At last Friday’s event, Harry asked for a show of hands from anyone who was impacted by the drug war, or saw someone close to them impacted; despite varying definitions, nearly everyone’s hand went up. Sebastian was no exception, and joined a panel of speakers sharing their unique experiences. “I had a lot of issues with having an arrest on my record, and saw they were doing expungement work,” he said.

Part of Sebastian’s agreement with the CCC as a social equity beneficiary is that he planned to host a seminar on restorative justice. He discovered that the Big Hope Project had already started such a program, and seeing a chance to collaborate, Sebastian reached out to Harry. They’re now collaborating through events like the one held at Panacea.

As “legacy” professionals, panelists worked in the cannabis trade before legalization, and while their transition to a formally established market has brought many new challenges, they brought a wealth of experience and knowledge that can help newcomers make the best use of the resources available to them. In his case, Rafael Guzman said that while entering the legal cannabis industry has been a challenge, he still prefers it to the constant stress and danger of the illicit drug trade.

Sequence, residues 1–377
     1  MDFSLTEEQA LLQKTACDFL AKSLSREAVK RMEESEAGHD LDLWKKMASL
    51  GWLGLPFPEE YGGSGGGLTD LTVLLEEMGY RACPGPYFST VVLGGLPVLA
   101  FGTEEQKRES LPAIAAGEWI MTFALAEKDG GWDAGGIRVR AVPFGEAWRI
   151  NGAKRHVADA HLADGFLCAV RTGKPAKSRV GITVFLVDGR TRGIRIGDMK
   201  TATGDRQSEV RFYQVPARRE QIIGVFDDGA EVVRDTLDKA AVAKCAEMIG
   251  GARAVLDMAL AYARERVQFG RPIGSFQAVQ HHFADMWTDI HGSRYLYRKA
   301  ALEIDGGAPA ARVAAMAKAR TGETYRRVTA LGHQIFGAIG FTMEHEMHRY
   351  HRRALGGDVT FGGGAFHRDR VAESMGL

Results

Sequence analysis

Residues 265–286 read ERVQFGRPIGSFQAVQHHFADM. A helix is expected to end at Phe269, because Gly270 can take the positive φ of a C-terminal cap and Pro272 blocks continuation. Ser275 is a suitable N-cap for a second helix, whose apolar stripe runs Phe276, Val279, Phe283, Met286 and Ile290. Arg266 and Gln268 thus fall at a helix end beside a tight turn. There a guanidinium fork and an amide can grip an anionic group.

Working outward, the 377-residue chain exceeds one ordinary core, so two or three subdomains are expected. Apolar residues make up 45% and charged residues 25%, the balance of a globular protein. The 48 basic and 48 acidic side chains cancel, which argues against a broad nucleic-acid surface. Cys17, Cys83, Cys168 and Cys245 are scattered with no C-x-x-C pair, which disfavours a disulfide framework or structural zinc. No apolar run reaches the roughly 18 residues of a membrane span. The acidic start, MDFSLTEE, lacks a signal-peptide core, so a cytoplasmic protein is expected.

The crowd at the Big Hope Awards gathers for a group photo

“Having an open mind, knowing that people are gonna look at you differently—it doesn’t matter as long as you have your world set in place, and you’re doing the right thing, and trying to get the people around you to do the right thing.”

A legacy cannabis worker, Guzman said it took a lot of growing and maturing to reach where he is today. He currently runs the Summit Lounge, a club in Worcester that hosts a variety of members-only events. Harry said despite the project’s initial success, there are still many hurdles ahead.

“We probably get 50% of the funding compared to our white peers,” Guzman said.

While recognizing the long road ahead, the growing community took a moment to celebrate its progress at the Big Hope Awards. The event took place at Black Market in Roxbury Friday night, where presenters chose a group of professionals who best represented that progress: “Hope stands for Honor, Outreach, Philanthropy, and Equity … and we’re giving the award to people who encompass that.”